Self-directed assignments give gifted learners responsibility for their own development and let them decide how far they want to take their own learning. Assignments with open-ended questions encourage students to offer creative responses, work in small groups and build other ways to further explore. But make sure you deliver open-ended sessions with an end goal rather than leaving the students alone.
5. Introduce project-based learning
Project-based learning is effective since it mimics the real world. In a project-based assignment, learners conduct research, ask complex questions and improve management skills. Oftentimes, projects end with a presentation, which is great for practicing public speaking.
Projects can be completed in small groups or by each student individually. This learning method is especially beneficial for gifted learners due to its depth, student choice, real-world learning and collaboration opportunities.
Project-based learning tends to go over the best when the assignments relate to a student’s interests. For example, a high school student interested in social studies could be tasked with designing advocacy around an issue of their choice.
6. Try a compact curriculum
A compact curriculum is similar to shortening explanations, but it will actually throw out whole lessons that the gifted student already understands. Instead, the gifted student will be given lessons on content they’ve never been exposed to.
Most often in this method, students will be given a pre-test that allows them to show mastery over various problems. Then, the curriculum is adjusted.
It’s important to remember that curriculum development for gifted students is a dynamic process.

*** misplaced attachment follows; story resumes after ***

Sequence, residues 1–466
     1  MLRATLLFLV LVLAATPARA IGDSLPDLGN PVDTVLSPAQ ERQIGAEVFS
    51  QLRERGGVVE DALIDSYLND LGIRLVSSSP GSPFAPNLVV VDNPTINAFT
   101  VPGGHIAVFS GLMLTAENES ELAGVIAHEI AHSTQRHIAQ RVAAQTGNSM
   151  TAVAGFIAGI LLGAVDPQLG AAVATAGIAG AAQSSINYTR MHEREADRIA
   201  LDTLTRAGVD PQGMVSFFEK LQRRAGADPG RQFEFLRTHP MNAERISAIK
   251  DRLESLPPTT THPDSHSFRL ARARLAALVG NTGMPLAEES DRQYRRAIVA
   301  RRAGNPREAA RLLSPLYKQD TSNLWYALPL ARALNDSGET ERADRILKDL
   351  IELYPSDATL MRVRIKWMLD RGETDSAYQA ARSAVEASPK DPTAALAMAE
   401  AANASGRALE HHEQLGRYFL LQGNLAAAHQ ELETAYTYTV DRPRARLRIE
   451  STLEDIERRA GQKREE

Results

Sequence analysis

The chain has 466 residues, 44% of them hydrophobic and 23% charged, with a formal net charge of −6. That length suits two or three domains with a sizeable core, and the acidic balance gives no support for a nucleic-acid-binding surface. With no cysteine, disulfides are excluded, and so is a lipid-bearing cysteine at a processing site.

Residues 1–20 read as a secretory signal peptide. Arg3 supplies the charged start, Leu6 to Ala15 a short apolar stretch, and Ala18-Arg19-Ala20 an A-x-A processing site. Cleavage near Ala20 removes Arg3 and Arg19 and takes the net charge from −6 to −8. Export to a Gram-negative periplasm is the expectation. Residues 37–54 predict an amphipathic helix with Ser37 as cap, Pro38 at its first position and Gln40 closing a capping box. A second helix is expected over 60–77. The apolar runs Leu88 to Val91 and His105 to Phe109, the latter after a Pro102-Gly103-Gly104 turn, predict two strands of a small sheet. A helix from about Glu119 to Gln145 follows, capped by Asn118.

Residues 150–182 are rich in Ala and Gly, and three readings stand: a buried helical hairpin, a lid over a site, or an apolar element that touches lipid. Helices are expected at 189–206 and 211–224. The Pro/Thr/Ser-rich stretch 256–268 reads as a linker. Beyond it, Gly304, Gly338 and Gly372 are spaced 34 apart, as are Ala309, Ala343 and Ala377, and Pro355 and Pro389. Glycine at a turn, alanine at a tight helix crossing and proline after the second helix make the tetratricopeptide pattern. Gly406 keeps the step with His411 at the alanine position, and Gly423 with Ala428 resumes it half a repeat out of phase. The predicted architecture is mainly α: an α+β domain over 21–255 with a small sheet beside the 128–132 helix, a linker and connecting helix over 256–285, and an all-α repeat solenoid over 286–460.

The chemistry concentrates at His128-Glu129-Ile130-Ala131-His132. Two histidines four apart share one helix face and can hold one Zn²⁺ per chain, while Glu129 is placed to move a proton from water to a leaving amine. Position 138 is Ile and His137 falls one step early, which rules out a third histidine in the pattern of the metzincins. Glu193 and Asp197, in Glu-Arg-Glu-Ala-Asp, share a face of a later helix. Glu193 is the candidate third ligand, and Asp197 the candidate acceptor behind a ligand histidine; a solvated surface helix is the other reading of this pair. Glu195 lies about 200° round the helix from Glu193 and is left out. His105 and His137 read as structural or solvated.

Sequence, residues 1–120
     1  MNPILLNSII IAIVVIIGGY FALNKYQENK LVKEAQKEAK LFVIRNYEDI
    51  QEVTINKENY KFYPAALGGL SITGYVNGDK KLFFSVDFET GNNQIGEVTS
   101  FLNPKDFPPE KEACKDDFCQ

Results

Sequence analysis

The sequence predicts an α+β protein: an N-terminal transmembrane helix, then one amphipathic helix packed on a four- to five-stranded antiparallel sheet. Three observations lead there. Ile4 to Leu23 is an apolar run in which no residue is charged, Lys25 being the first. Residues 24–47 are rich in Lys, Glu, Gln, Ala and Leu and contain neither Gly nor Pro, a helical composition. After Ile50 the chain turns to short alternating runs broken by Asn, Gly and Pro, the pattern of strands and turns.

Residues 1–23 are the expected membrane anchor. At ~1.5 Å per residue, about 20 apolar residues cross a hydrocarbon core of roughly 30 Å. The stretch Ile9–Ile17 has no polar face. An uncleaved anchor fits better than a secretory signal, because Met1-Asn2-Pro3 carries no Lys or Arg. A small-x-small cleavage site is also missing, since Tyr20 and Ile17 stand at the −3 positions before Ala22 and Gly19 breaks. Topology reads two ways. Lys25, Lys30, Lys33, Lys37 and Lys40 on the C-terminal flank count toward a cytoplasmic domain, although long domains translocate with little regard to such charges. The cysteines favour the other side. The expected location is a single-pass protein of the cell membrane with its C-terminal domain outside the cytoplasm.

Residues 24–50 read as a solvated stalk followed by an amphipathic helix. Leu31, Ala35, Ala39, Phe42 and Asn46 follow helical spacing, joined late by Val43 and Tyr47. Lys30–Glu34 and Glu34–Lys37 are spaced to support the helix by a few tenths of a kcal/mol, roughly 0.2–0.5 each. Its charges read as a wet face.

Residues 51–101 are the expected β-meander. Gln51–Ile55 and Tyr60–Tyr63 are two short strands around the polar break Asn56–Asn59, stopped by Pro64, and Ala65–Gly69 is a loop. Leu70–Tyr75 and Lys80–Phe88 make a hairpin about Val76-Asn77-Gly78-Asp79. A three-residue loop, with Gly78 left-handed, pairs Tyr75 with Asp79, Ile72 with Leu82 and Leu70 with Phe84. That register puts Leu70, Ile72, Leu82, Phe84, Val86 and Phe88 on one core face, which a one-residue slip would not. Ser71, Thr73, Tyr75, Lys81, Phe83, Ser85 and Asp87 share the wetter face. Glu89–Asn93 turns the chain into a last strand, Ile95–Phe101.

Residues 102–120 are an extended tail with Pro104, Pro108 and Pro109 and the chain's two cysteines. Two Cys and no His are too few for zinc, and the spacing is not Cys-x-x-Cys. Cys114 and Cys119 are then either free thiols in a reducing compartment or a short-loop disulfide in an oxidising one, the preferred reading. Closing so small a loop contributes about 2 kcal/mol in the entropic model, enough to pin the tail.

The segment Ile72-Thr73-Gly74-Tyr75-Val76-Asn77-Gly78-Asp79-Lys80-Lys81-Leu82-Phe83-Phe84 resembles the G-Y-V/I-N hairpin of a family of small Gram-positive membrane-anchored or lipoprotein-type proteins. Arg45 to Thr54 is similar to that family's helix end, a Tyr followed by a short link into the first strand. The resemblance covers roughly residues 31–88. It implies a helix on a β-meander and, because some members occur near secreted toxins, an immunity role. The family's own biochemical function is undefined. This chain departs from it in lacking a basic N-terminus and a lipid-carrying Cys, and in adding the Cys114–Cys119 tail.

7. Pair gifted students up
Another strategy is being more intentional in how you pair students up in collaborative projects. Putting gifted students together in cluster groups boosts their achievement since they are able to work at a faster pace.
You may even find that in specific subjects, students that are gifted in that area can be paired up for their own differentiated lesson while you teach the rest of the class. These pairs can work on advanced content and learn from each other.
8. Always keep learning
Teaching requires constant innovation and growth with a new classroom of kiddos each year. You will always be tweaking what you are doing based on new things that you learn.
In the last two years, the pandemic has required flexibility and accelerated digital learning in ways we had never seen before.
The challenges that came with this got teachers talking and opened up a dialogue about what learning strategies work. It created a community where more experienced teachers could impart their knowledge to others.
Here's more strategies and ideas to help you differentiate learning
Looking to learn more about differentiation? Check out our list of 20 differentiated instruction strategies for more inspiration on how to level educational content in your classroom, with examples included!